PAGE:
Mark Byrnes is a former senior associate editor at CityLab who writes about design and architecture.
A Buffalo light show aims to turn the city's symbols of decline into a flashy tourist draw.
Buffalo is ready to put its long-neglected grain elevators back to use, this time in service of tourism.
The Erie Canal Harbor Development Corporation just rolled out a four-stage plan to illuminate the grain elevators along the city's waterfront. It's an attempt to attract more visitors and, perhaps more importantly, to put to rest the negative association grain elevators have with Buffalo's economic decline.
Despite acclaim from the likes of LeCorbusier and Reyner Banham, the grain elevator tends to be seen as burdens from the past by locals. This is beginning to change though thanks to the emergence of Silo City, a project that has so far included art shows inside the old silos and the nationally acclaimed bee hive concept, "Elevator B."
The ECHDC, already responsible for Canalside, a sweeping redevelopment of Buffalo's inner harbor, is hoping to build off the momentum along the city's waterfront by creating an attraction that'll help reshape Buffalo's image. "It will change how we see ourselves and where we live, and it will change how visitors from near and far see us again," Albright-Knox Art Gallery director, Janne Siren told the Buffalo News.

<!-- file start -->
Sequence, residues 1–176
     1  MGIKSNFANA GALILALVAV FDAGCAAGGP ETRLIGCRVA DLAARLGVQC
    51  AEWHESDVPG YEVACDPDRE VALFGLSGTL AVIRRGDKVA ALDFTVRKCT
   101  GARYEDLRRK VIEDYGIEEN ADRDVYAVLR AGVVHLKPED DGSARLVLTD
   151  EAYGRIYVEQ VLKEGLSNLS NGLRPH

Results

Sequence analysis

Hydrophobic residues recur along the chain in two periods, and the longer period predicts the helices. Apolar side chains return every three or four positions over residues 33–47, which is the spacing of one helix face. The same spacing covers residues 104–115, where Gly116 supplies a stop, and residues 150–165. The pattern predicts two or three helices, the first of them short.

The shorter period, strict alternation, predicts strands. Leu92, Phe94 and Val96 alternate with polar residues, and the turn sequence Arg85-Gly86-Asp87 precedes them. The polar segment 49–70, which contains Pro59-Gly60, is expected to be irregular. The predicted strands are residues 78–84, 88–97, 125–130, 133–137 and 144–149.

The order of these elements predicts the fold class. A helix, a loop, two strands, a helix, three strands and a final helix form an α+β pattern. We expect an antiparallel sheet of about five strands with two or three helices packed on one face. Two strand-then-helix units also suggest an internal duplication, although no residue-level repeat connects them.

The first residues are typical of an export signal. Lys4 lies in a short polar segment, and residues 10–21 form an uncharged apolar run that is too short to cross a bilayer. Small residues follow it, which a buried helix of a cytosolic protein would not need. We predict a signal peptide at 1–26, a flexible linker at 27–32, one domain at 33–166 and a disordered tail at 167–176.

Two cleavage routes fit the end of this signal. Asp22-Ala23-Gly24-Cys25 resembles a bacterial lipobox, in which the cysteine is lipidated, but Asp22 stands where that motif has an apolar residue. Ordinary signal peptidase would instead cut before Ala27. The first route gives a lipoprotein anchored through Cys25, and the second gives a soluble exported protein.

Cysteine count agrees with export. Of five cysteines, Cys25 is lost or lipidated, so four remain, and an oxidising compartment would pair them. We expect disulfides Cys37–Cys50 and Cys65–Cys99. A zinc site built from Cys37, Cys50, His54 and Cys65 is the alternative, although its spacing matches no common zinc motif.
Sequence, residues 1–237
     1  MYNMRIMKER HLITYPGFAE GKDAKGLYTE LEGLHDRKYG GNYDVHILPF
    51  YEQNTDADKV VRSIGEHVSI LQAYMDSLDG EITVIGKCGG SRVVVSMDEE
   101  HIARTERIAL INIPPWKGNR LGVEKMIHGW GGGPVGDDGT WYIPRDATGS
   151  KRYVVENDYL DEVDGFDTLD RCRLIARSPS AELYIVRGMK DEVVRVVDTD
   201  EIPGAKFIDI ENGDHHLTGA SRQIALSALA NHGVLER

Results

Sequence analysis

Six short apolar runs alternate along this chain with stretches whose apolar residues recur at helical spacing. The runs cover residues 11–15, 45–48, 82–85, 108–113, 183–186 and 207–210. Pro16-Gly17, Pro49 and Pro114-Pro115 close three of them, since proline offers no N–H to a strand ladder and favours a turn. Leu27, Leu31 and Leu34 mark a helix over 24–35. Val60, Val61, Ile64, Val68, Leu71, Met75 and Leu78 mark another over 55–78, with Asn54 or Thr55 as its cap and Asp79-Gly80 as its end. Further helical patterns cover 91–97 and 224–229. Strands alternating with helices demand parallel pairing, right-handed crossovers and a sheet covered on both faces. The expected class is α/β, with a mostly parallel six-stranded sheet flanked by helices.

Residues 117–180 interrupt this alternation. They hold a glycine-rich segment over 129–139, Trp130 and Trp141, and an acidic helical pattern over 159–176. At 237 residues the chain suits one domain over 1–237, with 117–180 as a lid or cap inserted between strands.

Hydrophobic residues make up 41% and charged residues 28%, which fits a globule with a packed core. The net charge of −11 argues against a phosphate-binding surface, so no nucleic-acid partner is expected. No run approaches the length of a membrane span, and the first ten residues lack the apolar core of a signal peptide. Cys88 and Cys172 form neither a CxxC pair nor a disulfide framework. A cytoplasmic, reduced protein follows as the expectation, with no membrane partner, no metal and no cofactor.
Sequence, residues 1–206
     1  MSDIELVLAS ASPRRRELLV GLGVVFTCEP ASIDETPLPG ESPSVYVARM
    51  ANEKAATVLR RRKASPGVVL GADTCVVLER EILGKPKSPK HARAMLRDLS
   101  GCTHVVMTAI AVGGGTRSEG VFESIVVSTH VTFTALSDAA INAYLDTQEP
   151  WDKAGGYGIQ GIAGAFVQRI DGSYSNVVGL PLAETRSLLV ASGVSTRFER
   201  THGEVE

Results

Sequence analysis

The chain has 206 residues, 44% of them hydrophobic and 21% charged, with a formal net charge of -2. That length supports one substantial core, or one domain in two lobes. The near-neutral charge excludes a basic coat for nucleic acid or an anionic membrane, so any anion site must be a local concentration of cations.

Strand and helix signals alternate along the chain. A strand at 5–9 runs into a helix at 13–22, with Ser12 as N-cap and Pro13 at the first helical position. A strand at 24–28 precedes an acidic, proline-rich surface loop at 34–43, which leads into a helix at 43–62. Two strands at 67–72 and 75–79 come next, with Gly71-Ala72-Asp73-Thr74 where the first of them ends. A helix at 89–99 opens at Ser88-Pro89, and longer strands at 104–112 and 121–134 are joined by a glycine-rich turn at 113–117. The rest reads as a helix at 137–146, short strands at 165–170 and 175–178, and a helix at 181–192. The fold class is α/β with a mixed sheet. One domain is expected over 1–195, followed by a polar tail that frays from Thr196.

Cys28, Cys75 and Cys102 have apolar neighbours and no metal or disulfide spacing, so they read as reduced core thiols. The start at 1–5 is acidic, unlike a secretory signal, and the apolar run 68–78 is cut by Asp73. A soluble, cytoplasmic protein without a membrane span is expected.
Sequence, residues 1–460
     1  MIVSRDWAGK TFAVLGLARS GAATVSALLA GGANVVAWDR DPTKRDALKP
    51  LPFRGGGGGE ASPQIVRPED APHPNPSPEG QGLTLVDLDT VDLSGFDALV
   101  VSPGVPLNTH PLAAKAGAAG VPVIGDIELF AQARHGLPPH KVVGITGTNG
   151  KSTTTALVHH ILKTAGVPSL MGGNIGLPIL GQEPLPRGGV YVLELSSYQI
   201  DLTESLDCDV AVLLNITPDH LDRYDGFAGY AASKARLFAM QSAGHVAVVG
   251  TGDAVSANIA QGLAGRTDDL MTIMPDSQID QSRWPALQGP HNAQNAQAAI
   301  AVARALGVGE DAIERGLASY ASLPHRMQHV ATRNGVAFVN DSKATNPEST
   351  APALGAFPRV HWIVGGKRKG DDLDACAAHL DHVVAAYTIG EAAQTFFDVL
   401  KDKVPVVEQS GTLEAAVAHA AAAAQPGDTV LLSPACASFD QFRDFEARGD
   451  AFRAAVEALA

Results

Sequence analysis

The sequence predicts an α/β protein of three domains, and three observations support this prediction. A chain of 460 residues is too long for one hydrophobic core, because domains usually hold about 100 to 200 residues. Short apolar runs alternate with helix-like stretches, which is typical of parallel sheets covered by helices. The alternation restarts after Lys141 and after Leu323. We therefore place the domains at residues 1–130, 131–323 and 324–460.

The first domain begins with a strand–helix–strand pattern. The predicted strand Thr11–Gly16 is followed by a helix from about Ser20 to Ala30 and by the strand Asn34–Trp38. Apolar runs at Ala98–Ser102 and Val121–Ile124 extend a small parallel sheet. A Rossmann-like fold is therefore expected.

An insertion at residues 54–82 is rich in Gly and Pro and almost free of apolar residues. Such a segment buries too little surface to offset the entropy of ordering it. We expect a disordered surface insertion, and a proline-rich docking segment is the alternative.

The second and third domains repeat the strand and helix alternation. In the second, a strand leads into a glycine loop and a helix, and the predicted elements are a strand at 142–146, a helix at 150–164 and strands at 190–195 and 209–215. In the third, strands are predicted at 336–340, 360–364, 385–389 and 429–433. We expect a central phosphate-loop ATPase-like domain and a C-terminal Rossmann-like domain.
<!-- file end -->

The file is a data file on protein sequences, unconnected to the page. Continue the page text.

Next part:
Ambiences Design Production will be doing the illumination work. It has garnered acclaim for a similar project it developed in Quebec City, one which started off as a one-time event to commemorate the city's 400th anniversary only to be so successful however, that it has since become an annual event. It's now seen by the city as one of its most compelling tourist draws.
For a sense of how the show will work in Buffalo, here's how a test run went last fall along a portion of the "Pool Elevator" on the outer harbor:
The project's first phase is scheduled to begin in 2014. Funding for phase one ($5 million) is expected to be approved by the ECHDC this Wednesday.
All images courtesy Erie Canal Harbor Development Corporation